When we think of patriotism in Indian movies, the image of an angry Sunny Deol carrying something on his shoulder (between a bazooka and a hand-pump) marching while doing his signature AYYYEEEE comes to mind.
But for me, only one patriotic movie comes to mind, The Legend Of Bhagat Singh. In 2002, Bollywood woke up to the legends of Bhagat Singh, Sukhdev and Rajguru. That year, five Bhagat Singh movies came out on the holy trifecta, but only one of them stood out – Rajkumar Santoshi’s The Legend of Bhagat Singh.
Writer-director Santoshi formerly known for his social commentaries like Ghayal (a man exposing the hypocrisy of the rich while avenging his brother’s death) and Damini (where a woman drags her own family to court after witnessing their wrong doing), brought his A-game to the film. Most period films about freedom fighters, end up painting a reverential picture of the person. And that portrait is cushioned with too many dramatic scenes dowsed in a truckload of patriotism. The director over here, cared more about the ideals of Bhagat Singh, Sukhdev and Rajguru, which motivated them to be fearless about death at the tender age of 23.
The Legend of Bhagat Singh was finally a patriotic film done right, as it didn’t thrust the emotions down the audience’s throat. Santoshi gave us a bunch of scenes with riveting dialogues and compelling actors. Ajay Devgn, playing the titular character, brought with him a certain assurance as he pulled off his reel life counterpart. The actor-director chose to shine the spotlight on Bhagat Singh’s stellar academic achievements, his extremely sorted thought-process and tried to understand the fierce passion for his country at such a young age. The dialogues by Piyush Mishra reflected his wit, which meant there were more than a few scenes which earned their wolf-whistles.
The film put together a bunch of immensely talented actors, who seemed absolutely perfect for their roles. Sushant Singh, who had earlier appeared in only bit-roles in Ram Gopal Varma films, brought an air of freedom to Sukhdev. Marathi actor D Santosh was chosen to play Rajguru, the third in the trifecta and even though he flirts with being the comic relief for the group, he shaped up into a solid character by the end.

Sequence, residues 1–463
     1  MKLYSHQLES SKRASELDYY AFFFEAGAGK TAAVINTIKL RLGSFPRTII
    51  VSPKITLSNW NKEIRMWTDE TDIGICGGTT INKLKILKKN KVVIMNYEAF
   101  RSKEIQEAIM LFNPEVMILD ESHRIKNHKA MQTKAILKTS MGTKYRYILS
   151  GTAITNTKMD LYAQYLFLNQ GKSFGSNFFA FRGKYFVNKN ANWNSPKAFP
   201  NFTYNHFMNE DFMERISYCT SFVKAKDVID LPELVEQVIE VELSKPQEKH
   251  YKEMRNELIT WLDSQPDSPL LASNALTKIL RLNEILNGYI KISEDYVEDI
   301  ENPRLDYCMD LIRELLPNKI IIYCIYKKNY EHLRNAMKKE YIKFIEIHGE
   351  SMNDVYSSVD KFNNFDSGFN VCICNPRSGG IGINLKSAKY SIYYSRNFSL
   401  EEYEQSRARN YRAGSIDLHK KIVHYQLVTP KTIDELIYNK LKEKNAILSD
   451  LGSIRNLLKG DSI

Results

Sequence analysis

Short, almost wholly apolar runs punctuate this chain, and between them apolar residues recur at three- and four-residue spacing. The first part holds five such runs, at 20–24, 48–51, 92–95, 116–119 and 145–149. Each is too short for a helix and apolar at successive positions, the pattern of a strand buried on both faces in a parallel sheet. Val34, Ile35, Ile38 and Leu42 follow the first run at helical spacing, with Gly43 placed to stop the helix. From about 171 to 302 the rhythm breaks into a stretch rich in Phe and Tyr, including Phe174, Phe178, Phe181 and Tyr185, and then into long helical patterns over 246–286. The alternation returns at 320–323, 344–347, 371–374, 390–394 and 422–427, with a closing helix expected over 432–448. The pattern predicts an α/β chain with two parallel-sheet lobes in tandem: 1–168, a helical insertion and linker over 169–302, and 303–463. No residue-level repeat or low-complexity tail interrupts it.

Akhilendra Mishra as Chandrashekhar Azad was a risky choice, which paid off significant dividends. About three years later when I saw Aamir Khan play the same character in Rakeysh Omprakash Mehra’s Rang De Basanti, I still found it hard to shake off Akhilendra Mishra’s performance. It was that good, especially his last scene.
Santoshi’s film really worked because it took a stand about Mahatma Gandhi’s conflicting methods for the freedom struggle. And that is clear in a film’s scene where Devgn’s Bhagat Singh publicly trashes Gandhi’s acceptance for Dominion Status. He stresses that even though the Dominion Status would drive away the British, it would bring the upper class Indians to rule over the poor and the needy. And nothing would change for the average Indian. He took on Gandhi’s ways which seemed to have lost the mass connect, by actively participating in the social upliftment of the lower classes Indians. Bhagat Singh’s strong belief in Karl Marx and Lenin is brought up in passing.
Rahman and Sonu Nigam (both at the height of their powers) lent music to the revolution. Recreating the classics Sarfaroshi Ki Tamanna and Mera Rang De Basanti Chola with melodies of their own, the music seemed to be at par in its awareness about the film, complimenting it perfectly. The Legend of Bhagat Singh was that rare patriotic film which didn’t feature chants of Bharat Mata Ki Jai without rhyme or reason.
And that is reflected in the epilogue of the film when the director tells us the dreams of those young martyrs to see an India where the poor aren’t suppressed, people don’t kill each other in the name of a holy text and where everyone lives with peace and harmony. Instead he leaves a question looming for us by pointing out the corruption, social evils in the country – had we let our heroes down? And that’s one question that still haunts me.